How to Properly Fund Your Trust and Common Mistakes to Avoid
Probate, the court supervised administration of your estate (assets) upon your death, can be an expensive and time consuming headache. For most people, one of the goals of their estate plan is avoiding probate. One way to avoid probate administration is to create a revocable trust and transfer appropriate assets to the trust during your lifetime. If the revocable trust is properly funded and administered, it will allow your assets to be distributed according to your instructions without any intervention or administration by the court. A revocable trust (which is also amendable by you during your life) is commonly referred to as a living trust or inter-vivos trust.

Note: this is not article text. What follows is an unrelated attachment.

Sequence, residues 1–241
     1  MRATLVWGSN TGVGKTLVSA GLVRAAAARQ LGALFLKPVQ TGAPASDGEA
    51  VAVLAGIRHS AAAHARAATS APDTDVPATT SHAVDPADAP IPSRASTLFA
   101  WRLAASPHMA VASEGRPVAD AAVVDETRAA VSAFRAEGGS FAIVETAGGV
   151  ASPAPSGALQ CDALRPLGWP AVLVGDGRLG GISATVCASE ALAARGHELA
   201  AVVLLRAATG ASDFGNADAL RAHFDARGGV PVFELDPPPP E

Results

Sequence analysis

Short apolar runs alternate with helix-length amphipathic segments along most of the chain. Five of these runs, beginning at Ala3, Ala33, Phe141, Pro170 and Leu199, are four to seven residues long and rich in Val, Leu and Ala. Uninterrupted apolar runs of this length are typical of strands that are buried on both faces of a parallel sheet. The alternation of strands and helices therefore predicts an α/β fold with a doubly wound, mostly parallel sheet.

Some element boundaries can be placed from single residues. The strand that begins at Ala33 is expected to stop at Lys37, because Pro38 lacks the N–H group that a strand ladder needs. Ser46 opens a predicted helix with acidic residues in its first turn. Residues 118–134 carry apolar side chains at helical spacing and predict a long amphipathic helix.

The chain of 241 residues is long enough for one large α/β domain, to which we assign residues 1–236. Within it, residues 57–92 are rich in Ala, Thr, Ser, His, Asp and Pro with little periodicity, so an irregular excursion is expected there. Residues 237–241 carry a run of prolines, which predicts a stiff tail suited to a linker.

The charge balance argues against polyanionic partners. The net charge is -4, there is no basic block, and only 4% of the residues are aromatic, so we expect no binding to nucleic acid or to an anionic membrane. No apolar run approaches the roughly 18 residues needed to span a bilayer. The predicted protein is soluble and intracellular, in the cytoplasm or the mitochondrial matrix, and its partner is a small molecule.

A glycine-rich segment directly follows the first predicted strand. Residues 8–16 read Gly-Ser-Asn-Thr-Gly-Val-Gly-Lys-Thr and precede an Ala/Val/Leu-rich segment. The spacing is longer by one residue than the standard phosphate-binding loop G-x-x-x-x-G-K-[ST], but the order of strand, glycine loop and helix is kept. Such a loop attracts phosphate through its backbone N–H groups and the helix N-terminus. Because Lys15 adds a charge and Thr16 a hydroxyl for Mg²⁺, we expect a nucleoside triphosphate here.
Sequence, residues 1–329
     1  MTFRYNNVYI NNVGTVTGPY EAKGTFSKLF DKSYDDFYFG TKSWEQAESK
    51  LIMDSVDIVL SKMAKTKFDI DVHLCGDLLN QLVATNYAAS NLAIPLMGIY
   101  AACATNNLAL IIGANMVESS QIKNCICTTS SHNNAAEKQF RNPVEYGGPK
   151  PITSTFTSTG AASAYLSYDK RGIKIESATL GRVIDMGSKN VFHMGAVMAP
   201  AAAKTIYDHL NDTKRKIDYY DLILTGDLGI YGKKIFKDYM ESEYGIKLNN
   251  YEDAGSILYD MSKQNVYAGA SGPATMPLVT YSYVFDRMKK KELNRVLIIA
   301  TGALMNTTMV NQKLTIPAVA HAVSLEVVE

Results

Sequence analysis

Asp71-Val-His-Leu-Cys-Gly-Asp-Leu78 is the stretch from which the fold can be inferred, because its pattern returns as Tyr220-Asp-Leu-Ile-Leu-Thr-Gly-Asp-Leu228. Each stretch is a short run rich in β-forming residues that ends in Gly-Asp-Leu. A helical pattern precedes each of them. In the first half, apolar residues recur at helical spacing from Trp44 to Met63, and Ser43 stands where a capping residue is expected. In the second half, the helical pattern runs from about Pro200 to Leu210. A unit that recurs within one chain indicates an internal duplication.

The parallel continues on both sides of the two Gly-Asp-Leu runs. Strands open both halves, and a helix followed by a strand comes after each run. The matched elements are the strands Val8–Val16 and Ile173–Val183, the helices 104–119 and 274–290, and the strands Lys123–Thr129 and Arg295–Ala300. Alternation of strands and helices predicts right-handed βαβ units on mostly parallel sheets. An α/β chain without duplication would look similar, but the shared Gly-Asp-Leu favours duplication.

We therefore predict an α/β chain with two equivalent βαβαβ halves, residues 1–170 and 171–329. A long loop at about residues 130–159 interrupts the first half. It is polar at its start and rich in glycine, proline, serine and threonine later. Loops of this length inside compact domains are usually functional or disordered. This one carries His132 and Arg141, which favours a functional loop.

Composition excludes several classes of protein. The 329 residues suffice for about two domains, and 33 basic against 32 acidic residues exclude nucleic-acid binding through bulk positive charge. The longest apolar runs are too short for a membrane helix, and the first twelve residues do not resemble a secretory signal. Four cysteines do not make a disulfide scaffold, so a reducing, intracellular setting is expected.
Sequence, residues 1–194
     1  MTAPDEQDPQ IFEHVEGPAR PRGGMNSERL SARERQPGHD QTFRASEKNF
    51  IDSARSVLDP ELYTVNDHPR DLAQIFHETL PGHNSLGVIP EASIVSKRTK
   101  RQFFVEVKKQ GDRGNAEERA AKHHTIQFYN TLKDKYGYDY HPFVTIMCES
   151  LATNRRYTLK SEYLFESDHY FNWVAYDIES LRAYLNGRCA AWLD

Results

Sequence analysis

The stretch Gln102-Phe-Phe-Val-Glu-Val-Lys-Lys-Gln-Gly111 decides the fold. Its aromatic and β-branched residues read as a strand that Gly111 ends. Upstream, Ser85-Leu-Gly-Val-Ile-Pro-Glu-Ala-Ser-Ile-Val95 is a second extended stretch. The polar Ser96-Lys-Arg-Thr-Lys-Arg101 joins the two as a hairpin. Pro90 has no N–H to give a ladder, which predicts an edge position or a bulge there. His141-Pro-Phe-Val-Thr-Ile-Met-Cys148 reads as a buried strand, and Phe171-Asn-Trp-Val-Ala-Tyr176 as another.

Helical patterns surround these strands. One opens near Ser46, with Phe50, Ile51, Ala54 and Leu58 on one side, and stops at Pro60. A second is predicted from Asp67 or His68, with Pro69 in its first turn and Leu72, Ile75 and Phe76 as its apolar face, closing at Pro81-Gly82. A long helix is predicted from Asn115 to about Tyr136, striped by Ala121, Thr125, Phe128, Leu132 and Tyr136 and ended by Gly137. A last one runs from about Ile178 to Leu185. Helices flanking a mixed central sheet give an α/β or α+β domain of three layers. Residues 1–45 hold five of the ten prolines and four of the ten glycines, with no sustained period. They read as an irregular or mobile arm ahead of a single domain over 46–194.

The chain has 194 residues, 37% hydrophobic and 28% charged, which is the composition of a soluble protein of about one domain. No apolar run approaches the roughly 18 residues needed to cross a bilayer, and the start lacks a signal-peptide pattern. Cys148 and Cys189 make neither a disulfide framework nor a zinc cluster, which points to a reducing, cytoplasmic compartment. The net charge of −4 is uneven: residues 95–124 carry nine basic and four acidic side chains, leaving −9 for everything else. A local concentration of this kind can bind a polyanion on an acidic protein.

Not all assets are subject to probate administration. Upon your death, certain property passes outside of probate administration in accordance with beneficiary designations, pursuant to law or by contract (e.g., life insurance policies, real property held in joint tenancy, and joint bank accounts). Also, if you die with an estate containing assets worth less than $150,000 (other than assets properly titled in your living trust or non-probate assets such as life insurance policies discussed above) there are ways to distribute the assets to your heirs without court involvement. This article will not discuss these "small estate" alternatives.